Anyone know what happened to Airalite? Picked up an older but lightly used Perception Sonoma 13.5…I know perception stopped doing Airalite boats towards the end of the last decade. Seems like it might not have the impact resistance of a heavier plastic boat or a more way more expensive kevlar…but trying to find out if there’s more i should be worried about (like say sudden catastrophic failure) in open water.
I know Delta and Hurricane are still using similar materials and i’ve got whitewater boats for the rough stuff but I hope to take this far from shore.
https://www.rapidmedia.com/adventurekayak/categories/5273-boat-review-the-sonoma-13-5-by-perception for boat specs if you care. For what i paid it’s a pretty sweet boat i can easily carry.
And yea, i posted the same question at the bottom of an old post and after looking more closely at this forum realize not many will see it.
Tom of the Hack-
Likely more to do with the general direction of Perception kayak models. Directed more and more towards the Rec end of the market.
I recall when the Sonoma first came out. If you understand the hard chine design, it’s a fun kayak but at 13’5″ not a full fledged sea kayak length/glide.
I recall Perception tried to expand the Airlite to the Eclipse sea kayak series but the material thickness they used made it weigh just as much as their poly construction, which at the time was not a light thing in a 17′ kayak.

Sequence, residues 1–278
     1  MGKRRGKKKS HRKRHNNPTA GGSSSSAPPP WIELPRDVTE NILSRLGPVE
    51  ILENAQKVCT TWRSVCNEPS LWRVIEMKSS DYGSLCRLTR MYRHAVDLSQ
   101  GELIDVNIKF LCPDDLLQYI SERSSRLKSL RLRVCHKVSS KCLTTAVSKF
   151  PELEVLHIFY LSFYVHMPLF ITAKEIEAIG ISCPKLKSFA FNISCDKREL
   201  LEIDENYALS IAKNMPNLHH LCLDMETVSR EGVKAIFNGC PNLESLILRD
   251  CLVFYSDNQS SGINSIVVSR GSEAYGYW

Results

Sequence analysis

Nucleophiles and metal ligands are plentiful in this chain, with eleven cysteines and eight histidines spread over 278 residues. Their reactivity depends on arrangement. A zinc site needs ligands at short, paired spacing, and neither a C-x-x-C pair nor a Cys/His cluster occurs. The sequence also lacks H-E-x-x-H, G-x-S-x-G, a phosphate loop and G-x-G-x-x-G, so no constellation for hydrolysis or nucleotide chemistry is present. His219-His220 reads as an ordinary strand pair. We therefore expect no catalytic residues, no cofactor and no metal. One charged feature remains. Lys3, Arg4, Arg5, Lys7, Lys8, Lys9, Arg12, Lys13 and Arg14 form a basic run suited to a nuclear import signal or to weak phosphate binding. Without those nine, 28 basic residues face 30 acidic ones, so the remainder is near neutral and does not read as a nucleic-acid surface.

Enjoy the Sonoma. Fun boat.
See you on the water,
The Connection, Inc.
Hyde Park, NY
July 12, 2007
I used to have a Dagger Specter 15.5 in Airalite that I loved. It was 55 lbs, and extremely resistant to damage (I regret getting rid of it). Airalite was the proprietary version of thermoforming for Dagger/Perception. As to why it went away – expense. My memory may be faulty, but I think the Specter retailed new at about $1200 when new rotomolded boats were about $750. I got my Specter at the Jersey Paddler as a left-over for $600, and I think it was the last really good boat deal I got from them. Some people said that the channel seam connecting the two halves could be prone to leakage. Also, supposedly the plastic could not be repaired or welded (but this may have been before the advent of G-Fle. Lastly, I think thermoformed boats of the time had a tendency to have very defined chines – like the Eddyline Nighthawk – because of the constraints imposed by the material. Hope you’re drying out from Moodna.
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